Twenty-five municipal districts in the Ancash region have proactively formed the Tres Cuencas Commonwealth, an organization that addresses water and climate issues within the three watersheds (cuencas) that feed the region. In establishing themselves as a nationally recognized entity, the Commonwealth has initiated steps at the local and national levels to tackle its water challenges. However, the Commonwealth also lacks the financial and technical resources to develop strategies to address these community-scale water issues.  Therefore, the priority of the CAMBIAR program is to help communities in the Commonwealth adapt to climate change, specifically focused on water-related challenges, through community driven collaboration and engineering.

EWB-AUS and The Mountain Institute (TMI), an international NGO, have partnered to implement new technologies and conservation practices that address water and climate issues in the Ccambiar_1.jpgommonwealth. EWB-AUS contributes to these projects by: 1) providing technical support for communities to further assess and prioritize their needs, 2) collaborating with communities to design and implement sustainable technical solutions, 3) training communities to conduct maintenance and repairs, 4) educating community members about  the system’s health and societal benefits and 5) monitoring long-term project status.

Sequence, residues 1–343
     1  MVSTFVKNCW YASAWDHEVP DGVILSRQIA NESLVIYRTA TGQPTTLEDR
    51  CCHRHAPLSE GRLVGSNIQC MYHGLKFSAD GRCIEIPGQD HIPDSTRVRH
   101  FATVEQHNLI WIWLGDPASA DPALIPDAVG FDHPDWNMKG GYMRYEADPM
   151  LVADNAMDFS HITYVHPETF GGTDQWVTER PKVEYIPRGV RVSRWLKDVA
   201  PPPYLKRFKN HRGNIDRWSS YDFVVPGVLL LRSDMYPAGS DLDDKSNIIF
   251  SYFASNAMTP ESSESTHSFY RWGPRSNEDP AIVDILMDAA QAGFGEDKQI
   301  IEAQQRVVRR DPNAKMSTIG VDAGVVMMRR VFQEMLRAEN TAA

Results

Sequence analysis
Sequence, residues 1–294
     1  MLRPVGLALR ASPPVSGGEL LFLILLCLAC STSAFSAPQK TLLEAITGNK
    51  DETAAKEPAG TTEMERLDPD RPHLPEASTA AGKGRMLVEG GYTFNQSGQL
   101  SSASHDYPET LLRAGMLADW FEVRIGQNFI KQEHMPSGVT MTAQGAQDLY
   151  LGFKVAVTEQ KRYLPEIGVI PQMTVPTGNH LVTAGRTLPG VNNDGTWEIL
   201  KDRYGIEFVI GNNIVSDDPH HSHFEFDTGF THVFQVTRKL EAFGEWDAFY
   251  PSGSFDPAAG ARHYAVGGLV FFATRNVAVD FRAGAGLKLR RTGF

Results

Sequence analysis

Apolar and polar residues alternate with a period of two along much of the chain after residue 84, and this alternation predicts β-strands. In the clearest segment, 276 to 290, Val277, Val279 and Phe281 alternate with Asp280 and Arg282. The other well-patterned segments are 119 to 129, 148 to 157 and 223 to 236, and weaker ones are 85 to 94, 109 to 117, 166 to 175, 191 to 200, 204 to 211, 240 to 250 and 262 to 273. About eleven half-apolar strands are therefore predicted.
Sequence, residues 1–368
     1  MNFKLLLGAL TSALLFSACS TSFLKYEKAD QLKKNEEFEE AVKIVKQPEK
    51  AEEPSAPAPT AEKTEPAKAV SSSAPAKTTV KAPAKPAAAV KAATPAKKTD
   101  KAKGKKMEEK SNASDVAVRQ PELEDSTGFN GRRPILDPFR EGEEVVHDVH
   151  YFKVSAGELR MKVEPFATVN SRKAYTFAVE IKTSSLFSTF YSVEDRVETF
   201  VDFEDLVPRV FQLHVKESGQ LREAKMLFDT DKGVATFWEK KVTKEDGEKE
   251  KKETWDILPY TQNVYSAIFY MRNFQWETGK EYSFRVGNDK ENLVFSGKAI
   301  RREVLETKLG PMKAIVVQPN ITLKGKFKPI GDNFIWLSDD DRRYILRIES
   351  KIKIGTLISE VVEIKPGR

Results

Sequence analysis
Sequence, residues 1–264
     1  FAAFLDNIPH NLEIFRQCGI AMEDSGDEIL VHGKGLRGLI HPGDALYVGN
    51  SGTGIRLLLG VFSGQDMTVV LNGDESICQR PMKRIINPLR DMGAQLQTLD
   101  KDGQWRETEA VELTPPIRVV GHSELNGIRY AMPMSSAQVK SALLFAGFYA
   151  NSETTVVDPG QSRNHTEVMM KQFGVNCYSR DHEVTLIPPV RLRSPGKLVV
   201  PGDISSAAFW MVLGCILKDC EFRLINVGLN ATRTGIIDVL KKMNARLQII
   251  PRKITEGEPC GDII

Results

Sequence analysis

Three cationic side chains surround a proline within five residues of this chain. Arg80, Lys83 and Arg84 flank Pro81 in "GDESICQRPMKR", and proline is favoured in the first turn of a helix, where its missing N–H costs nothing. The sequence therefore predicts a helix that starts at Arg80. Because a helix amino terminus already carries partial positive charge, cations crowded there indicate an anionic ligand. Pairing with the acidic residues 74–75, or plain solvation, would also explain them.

The CAMBIAR program is currently helping Huasta, a municipal district within the Commonwealth, implement a water reuse and irrigation project that will increase water availability while reducing the presence of harmful bacteria, viruses and parasites in the community’s watershed. The Huasta project goals are to renovate an existing wastewater treatment plant while reclaiming the effluent for use as irrigation water on a community pastureland. Improvements to irrigation practices and infrastructure, such as closed-channel pipes and furrow irrigation, will help reduce reliance on existing, unpredictable surface water resources.huasta

The CAMBIAR program has completed an initial assessment in Huasta through relationship building with key community members, characterizing the state of the wastewater treatment plant and gathering data to design conveyance and irrigation infrastructure. EWB-AUS will return to the community in summer 2012 to formalize operational responsibilities and complete the renovation of the treatment plant. Through pilot projects like these, the CAMBIAR program will build local adaptation capacity, community resilience to changes in the environment and promote a sustainable model for technical, community-based development projects.

Please visit gain.org to track EWB-AUS’s progress and read other innovative adaptation solutions taking place around the world. Visit the GAIN Index website at index.gain.org.

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Photo 1. The wastewater treatment plant in Huasta

Photo 2. The CAMBIAR program signs a Memorandum of Understanding with the Commonwealth


[1] WWF Peru. (2009). Climate Programme: Reducing our vulnerability. Austria.


[2] Global Adaptation Institute. (2012). GaIn: Global Adaptation Index. Retrieved April 11, 2012, from http://index.gain.org/